Given the definition of “sensitive data” under the draft rules, insurance companies, especially those insuring government personnel; biotech, health care and health technology companies; and those with data-driven business models are likely to be swept up, experts said. The law expands jurisdiction of the Committee on Foreign Investment in the U.S. over transactions involving businesses with data on individuals that “may be exploited in a manner that threatens to harm national security,“ according to the text of the draft regulations.
“This will be a big thing for companies that are data-centric,” said David Hanke, a partner at Arent Fox in its international trade and national security practice. “More thinking and planning on their part will be needed up-front to understand the potential risks.”
The draft rules were issued by the U.S. Department of the Treasury last month as part of a huge package of proposed regulations implementing the Foreign Investment Risk Review Modernization Act, which was enacted last year with bipartisan support in Congress. They expand the scope of reviews by CFIUS, the interagency panel chaired by the Department of the Treasury secretary that examines investment in U.S. companies for potential national security risks, which historically centered mainly on military and strategic-related technologies and infrastructure.
Lawyers said the draft regulations would require companies and their lawyers to think carefully about how to structure deals involving sensitive data, such as whether to allow foreign investors to provide input into certain types of decisions, or to play roles that could trigger CFIUS’s jurisdiction, and whether it would be prudent to voluntarily file for a CFIUS review even when one is not mandatory. Agencies such as the Defense and Justice departments increasingly are reviewing deal announcements for potential conflicts, one said.
Brian Egan, a partner at Steptoe & Johnson LLP in Washington, D.C., said, “We are going to see more clients who inadvertently undergo investments where they don’t realize this new CFIUS requirement could be triggered. We are going to have more after-the-fact questions from companies that didn’t know an investment was within CFIUS’s jurisdiction, and just got a letter from CFIUS and ask, ‘What do we do?’ This will lead to more filings with CFIUS.”
The draft rules were released on Sept. 17 with a shorter-than-usual 30-day comment period during which stakeholders can make written statements about the rulemaking’s impact. Final regulations will be issued early next year.
The 300-plus-page document, which had an additional 135-page section on draft rules governing real estate transactions, lays out a definition under FIRRMA of “sensitive personal data,” which is different from, but overlaps, personally identifiable information, or PII, referenced in other federal statutes. There are 11 expansive categories of data covered in the regulation.
But the law is narrowly tailored to cover only transactions with specific features, such as where a foreign person gets a board seat, or is involved in substantive decision-making about how a U.S. company will use the personal data, Hanke said.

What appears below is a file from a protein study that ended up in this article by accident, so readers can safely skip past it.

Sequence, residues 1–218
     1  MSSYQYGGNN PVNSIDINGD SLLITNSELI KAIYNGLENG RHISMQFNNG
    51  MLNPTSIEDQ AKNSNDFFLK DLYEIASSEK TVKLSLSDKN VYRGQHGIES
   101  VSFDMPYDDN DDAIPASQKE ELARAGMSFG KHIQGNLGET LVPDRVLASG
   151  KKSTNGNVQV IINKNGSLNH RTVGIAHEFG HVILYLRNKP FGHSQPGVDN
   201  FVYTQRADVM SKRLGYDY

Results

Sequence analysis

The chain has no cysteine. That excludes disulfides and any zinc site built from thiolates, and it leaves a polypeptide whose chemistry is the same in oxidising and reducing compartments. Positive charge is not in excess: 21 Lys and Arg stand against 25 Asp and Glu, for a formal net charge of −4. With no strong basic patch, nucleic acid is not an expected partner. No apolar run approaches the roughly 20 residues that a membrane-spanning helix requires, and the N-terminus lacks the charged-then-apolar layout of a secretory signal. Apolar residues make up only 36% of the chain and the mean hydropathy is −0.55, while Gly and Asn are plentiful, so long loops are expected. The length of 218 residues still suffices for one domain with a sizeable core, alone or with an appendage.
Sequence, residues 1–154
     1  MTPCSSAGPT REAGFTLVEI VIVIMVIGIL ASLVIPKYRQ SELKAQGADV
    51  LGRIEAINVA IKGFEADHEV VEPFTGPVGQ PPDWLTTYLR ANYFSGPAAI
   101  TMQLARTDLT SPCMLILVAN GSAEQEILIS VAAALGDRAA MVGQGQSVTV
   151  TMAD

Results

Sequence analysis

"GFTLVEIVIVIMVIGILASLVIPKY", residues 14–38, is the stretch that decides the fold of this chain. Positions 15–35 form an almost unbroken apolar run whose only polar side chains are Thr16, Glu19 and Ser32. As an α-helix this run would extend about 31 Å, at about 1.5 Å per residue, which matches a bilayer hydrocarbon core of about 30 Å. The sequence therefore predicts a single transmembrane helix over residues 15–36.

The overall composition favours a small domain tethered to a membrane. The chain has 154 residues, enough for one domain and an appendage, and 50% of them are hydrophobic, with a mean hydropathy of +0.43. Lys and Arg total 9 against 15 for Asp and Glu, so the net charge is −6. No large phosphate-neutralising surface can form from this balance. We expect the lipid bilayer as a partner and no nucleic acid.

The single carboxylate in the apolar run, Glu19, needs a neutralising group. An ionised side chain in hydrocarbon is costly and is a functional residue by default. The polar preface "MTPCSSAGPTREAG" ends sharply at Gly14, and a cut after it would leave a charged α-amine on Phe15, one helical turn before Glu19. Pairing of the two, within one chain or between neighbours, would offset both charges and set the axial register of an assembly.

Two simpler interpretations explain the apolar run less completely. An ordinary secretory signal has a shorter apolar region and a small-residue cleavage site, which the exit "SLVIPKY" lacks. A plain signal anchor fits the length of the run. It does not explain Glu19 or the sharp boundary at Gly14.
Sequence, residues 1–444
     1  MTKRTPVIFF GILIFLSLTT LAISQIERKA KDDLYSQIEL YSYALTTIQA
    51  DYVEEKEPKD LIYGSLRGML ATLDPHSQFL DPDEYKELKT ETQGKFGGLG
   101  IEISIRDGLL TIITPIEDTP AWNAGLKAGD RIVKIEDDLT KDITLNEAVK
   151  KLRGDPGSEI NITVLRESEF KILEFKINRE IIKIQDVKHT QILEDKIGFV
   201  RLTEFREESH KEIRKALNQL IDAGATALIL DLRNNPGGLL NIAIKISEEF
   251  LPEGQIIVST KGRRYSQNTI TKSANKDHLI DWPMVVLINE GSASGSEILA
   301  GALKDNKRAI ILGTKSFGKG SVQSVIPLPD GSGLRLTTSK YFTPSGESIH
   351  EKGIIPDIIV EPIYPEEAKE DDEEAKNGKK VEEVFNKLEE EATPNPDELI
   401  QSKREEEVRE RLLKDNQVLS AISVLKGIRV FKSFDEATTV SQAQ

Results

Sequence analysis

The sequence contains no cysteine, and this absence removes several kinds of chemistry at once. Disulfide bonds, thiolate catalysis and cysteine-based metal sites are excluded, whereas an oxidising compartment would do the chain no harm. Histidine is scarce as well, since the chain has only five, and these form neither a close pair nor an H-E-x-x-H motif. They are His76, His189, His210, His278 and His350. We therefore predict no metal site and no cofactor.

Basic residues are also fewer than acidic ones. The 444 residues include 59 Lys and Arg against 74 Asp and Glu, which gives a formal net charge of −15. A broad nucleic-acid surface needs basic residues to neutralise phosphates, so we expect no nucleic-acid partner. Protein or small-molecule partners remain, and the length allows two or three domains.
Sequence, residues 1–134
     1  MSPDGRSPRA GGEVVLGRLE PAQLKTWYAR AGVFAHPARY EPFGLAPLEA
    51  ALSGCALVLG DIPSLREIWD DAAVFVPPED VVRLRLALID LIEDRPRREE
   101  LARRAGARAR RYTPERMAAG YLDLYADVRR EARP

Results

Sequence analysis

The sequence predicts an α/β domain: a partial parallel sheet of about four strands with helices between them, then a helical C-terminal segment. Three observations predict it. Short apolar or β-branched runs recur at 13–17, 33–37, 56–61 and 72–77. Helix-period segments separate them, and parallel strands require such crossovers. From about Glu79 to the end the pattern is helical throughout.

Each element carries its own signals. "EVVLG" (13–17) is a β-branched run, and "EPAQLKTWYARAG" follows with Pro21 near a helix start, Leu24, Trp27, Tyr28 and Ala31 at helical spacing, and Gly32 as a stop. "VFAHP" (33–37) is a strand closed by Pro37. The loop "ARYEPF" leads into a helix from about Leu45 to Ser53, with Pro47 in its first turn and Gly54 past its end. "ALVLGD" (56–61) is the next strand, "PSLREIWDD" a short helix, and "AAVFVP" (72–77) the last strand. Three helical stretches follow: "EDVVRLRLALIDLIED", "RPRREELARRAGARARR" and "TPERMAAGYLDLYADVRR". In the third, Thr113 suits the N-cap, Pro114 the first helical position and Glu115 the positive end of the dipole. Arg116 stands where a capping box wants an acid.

Some recent examples of transactions that prompted CFIUS reviews where sensitive data was an issue include:
- China Oceanwide Holdings Group Co. Ltd.‘s acquisition of Genworth Financial Inc., which CFIUS approved last year with mitigation, and which received necessary approvals from state regulators but has not yet closed with the deadline extended until Dec. 31.
- Beijing Kunlun Tech Co. Ltd.’s agreement in May to divest from the gay dating app Grindr under orders from CFIUS with a June 2020 deadline, which was a rare example of the committee ordering the unwinding of a completed deal. Kunlun acquired the app, which includes geolocation data and HIV status data, between 2016 and 2018 without submitting an application for review to the panel, according to Reuters.
- CFIUS’s demand that Fosun International Ltd. divest from Wright USA, an Ironshore Inc. unit that served federal employees and law enforcement personnel, as a condition of receiving approval for its $1.83 billion bid for full ownership of the private equity-backed property and casualty insurer in 2015. Ironshore ultimately was sold off to Liberty Mutual Holding Co. in 2017.
Under the draft regulations, CFIUS jurisdiction is expanded to include review of not just controlling investments by foreign investors, but also minority, noncontrolling investments in certain businesses that the agencies deem of interest to national security. “It has brought CFIUS more into the mainstream of equity investment than it was when I was in the Treasury Department several years ago,” Egan said.
They introduce a mandatory filing requirement for transactions where a foreign government has a “substantial interest” in a foreign entity that acquires a “substantial interest” in a U.S. technology, infrastructure or data business.